Jim Aikin has been using the original version. This one has more of everything that made it good.
Yet another great synth from one of the top European instrument developers. I’ve used the original Predator quite a bit, but I skipped version 2. Version 3 introduces very little that’s radically new: it just has more of everything. This synth has a TON of great-sounding patches, but if you’re up for designing your own, you’ll find an almost endless parade of parameters to deploy.
Really, we need a new term for synthesizers that run oscillator waveforms through filters.
We can’t call them “virtual analog,” because so many of the waveforms (183 of them in Predator 3) are unabashedly digital. These days, the term “virtual analog” should probably be reserved for software instruments that explicitly model the sound and behavior of analog hardware.
Predator 3 has oscillators, filters, effects, and so on, in a fairly standard lineup. There’s no physical modeling, additive, or granular, none of that. What makes P3 a powerhouse are the details with which the instrument is fleshed out.
Overview. Let’s start with a list of what Predator 3 has. (This review’s header picture shows the main front panel.) Then we’ll dig deeper into some of the more interesting features.
The lineup starts with three morphing oscillators, each with its own sub-octave generator.
There are two multimode filters with 38 possible types (see above), four filter signal routing options, and a third filter that just does highpass. Five LFOs, nine envelopes (including two multi-segment), 20 modulation routings in the mod matrix and more that are located elsewhere.
Three effects processors with a total of 34 possible effects. Four 16-step arpeggiator/sequencers that can be linked for longer patterns. An X/Y mouse pad on which you can record (and edit) modulation moves. Eight user-definable waveforms.
A one-finger-chord feature with eight user-definable note offsets. A controllable random patch generator. Audio input for sidechain ducking and ring modulation. Oh, and you can load your own Scala .tun files to play non-standard tunings.
Predator 3 is part of Rob Papen’s Explorer 7 bundle. This $499 package contains several synths, several effects, and also a VST host called Prisma, into which you can load any combination of Papen synths for four-instrument splits and layers. Predator 3 is $149 by itself, so if you haven’t already maxed out your credit card, you may want to consider Explorer 7. There’s a 30-day demo of Predator 3, so you don’t have to believe anything I’m about to say; check it out for yourself.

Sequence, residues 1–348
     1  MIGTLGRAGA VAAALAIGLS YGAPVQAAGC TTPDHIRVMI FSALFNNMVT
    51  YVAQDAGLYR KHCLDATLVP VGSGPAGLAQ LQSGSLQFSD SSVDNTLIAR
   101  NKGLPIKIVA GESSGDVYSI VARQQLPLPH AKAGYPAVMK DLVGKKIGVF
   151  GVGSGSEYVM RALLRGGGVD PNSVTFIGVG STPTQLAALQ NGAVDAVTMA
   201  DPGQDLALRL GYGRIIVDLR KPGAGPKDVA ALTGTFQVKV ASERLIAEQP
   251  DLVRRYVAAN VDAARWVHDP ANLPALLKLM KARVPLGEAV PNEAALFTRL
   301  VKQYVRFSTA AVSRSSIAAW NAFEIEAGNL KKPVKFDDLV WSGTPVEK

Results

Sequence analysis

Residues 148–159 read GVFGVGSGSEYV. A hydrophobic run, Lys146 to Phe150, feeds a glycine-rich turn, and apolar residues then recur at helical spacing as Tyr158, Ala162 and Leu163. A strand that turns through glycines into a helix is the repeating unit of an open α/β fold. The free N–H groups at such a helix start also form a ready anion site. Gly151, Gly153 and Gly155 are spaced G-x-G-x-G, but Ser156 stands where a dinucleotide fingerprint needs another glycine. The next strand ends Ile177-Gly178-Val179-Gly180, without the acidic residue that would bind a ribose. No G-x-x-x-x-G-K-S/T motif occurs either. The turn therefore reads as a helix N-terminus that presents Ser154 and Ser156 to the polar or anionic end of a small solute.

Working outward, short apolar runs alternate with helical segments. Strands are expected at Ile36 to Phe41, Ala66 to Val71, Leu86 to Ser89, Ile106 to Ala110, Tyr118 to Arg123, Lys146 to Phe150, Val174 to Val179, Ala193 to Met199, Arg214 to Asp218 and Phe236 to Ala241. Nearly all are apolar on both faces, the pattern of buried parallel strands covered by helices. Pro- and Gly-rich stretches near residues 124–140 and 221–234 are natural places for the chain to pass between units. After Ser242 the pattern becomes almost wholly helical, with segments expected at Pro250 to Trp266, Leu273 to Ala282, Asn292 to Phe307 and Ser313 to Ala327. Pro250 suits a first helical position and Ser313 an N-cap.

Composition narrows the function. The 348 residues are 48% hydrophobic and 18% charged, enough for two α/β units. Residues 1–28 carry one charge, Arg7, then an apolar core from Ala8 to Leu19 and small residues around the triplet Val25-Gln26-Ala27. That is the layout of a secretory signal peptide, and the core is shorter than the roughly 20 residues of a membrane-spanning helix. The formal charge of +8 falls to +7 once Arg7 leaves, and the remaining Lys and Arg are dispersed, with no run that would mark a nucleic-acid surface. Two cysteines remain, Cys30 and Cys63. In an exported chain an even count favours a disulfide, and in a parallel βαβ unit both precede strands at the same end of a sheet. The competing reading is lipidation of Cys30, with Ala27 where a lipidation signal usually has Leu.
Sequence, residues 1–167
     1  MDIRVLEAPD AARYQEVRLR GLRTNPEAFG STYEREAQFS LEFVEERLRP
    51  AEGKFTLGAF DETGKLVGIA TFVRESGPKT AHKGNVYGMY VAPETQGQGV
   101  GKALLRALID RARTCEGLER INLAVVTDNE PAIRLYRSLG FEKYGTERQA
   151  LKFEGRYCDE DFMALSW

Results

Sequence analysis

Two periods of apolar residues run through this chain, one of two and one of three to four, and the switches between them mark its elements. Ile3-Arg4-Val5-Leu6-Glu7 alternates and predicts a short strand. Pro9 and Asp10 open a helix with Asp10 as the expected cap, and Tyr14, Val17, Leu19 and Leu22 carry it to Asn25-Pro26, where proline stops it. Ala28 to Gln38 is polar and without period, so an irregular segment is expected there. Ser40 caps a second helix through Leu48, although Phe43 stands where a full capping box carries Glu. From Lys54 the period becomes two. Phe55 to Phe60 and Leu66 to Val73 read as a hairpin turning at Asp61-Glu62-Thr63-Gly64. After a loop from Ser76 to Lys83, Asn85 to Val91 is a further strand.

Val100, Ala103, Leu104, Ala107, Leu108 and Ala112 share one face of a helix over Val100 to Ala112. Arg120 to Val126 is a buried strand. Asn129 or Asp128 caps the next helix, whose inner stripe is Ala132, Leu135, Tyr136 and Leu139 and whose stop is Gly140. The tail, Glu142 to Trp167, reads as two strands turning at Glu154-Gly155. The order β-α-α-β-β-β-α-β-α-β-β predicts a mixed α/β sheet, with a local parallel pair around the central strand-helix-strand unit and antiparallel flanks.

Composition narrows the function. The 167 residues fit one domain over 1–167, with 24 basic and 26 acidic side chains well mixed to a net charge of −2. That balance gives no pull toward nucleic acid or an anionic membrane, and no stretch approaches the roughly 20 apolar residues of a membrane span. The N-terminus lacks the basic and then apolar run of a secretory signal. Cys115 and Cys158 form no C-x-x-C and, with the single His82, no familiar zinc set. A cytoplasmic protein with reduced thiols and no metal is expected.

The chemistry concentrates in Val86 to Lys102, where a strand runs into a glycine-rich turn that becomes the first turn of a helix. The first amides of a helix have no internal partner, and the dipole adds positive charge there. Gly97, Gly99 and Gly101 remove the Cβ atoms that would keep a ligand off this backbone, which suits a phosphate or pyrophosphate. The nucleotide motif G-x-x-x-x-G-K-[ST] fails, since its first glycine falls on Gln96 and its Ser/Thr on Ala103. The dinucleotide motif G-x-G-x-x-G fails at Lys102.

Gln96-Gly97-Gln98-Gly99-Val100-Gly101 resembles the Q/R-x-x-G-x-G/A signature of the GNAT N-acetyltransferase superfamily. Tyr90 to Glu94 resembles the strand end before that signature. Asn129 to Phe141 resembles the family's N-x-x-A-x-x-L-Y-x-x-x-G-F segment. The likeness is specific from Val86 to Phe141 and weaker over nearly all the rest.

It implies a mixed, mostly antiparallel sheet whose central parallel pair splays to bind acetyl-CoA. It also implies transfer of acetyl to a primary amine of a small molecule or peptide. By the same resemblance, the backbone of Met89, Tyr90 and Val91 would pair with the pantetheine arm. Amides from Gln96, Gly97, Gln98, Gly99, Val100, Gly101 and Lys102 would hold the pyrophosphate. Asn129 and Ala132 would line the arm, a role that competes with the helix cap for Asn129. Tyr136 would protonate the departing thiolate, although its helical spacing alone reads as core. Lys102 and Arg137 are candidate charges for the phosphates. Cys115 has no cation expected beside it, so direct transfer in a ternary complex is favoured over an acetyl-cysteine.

My only concern about Predator 3 is that in the 1.0 release there is sometimes some quiet popping in the audio output. This happens about half a second after the last note stops and the instrument falls silent. I’ve reported it to the Papen team. I’m hoping the DSP bug can be found and fixed, but you’re never going to hear it in a mix, so don’t worry, be happy.
Presets. It’s hard to say how many presets Predator 3 ships with. There are 75 banks. Some have only 15 or 20 presets, while others have as many as 150.
Just about every preset I tried sounded great; there were only one or two turkeys.
Most of the presets hark back to Predator 1, but there are some new additions.
My issue with Papen’s approach to sound library organization is that you don’t get banks labeled “Lead,” “Pad,” “Plucked,” and so on. Instead, the banks are organized either by developer or by style.
You’ll find banks by JoMal, Rob Fabrie, and Antonio Sage, for example, along with banks for dubstep, ambient, hip-hop, and a couple of other styles. To be fair, there are four banks called “All Basses,” and the names of the presets in many of the banks use prefixes such as “arp,” “lead,” and “pad.” You can add stars to your favorites, which as time goes on will help you find what you’re looking for.
I especially like the preset Manager display, which is found on some other Papen synths. (You can view it at 2:20 in the video.) Instead of prowling through a pop-up menu, you can see a whole panel where upwards of a hundred presets are all listed at once, along with a list of the different banks
Oscillators. Each Predator 3 oscillator has two waveforms. You can morph between them or use FM, ring modulation, or phase modulation to make them interact. Since the two waves in a single oscillator can’t be detuned from one another, the internal FM of one waveform with the other is probably not too useful.
The FM implementation between one oscillator and another is better. It’s fairly simple: Osc 1 can FM either osc 2 or osc 3, and osc 2 can FM osc 3, so you can have two modulators and one carrier, a two-modulator stack, or one modulator/carrier pair with a separate oscillator adding its own tone.
Each oscillator has a unison spread knob and a panning knob, though the panning will depend on the filter signal routing. Oscillators 2 and 3 can sync to 1. Each oscillator has its own control for waveform symmetry and its own internal LFO for modulating that.
With a square wave, the symmetry control gives you pulse width modulation, but there are many other possibilities depending on the waveform. The internal LFO in each oscillator is monophonic; if you need poly modulation of the symmetry, you can use one of the general-purpose LFOs.